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Court of Appeal applies Wyatt v Vince in 'delay' case

Husband’s claim that court had paid insufficient regard to wife's delay rejected

The Court of Appeal has dismissed an appeal by a husband in which he claimed, amongst other matters, that the trial judge had failed to have sufficient regard to the wife's delay in bringing the claim and the lack of any cogent explanation for the same.

In Briers v Briers [2017] EWCA Civ 15 the parties married in 1984 and separated in 2002. Decree absolute was pronounced in 2005. There were no orders made concluding the parties' financial affairs. In 2013, the wife issued her Form A applying for a financial remedy order. The husband sought to rely on an agreement which he alleged was reached in 2005, following a joint meeting with a solicitor.

On 6 May 2015, HHJ Rogers found that there had not been a previous full and final settlement and that there was no 2005 agreement.

The husband's appeal turned principally on two issues: a factual determination as to a 2005 agreement, and delay.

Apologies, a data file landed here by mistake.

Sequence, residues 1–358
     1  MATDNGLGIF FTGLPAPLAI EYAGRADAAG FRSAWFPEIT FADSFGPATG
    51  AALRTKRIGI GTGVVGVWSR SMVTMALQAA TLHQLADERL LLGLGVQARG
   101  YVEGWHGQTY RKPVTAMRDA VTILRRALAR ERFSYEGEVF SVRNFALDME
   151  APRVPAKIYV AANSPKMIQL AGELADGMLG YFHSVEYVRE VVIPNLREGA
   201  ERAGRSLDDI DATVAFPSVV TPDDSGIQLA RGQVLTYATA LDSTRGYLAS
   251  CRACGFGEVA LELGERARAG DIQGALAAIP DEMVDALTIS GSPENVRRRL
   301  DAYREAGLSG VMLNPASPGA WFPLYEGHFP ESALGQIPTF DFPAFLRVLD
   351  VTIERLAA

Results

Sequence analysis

Ryder LJ's judgment reiterates that, in a delay case, it is "beyond argument that the significant delay in making the claim is one of the major factors in play in the subsequent assessment by the court" [19] and considers Wyatt v Vince [2015] UKSC 14. The exercise to be conducted by the court is an inquisitorial exercise using judgement: "[d]elay, its explanation and effect, is an additional factor" [22].

The Court of Appeal held that HHJ Rogers had addressed the Supreme Court judgment in Wyatt v Vince, including citing the critical passage at [62]: the fact that public policy is hostile to forensic delay, the effect on the financial affairs of the other party, prejudice to the other party, and the explanation for the delay, among other factors, may "reduce or eliminate its provision for the applicant".

The Court of Appeal approved the judge's approach and his treatment of delay – in a case where needs were conceded to be provided for, HHJ Rogers discounted the wife's share in an equality of division of the assets because of her responsibility for delay (the wife received 27-30% of the overall assets).

Tthe appeal was dismissed.

For the judgment, together with the summary by Lucia Crimp of 1 King's Bench Walk which addresses the other issues raised in the appeal, click here.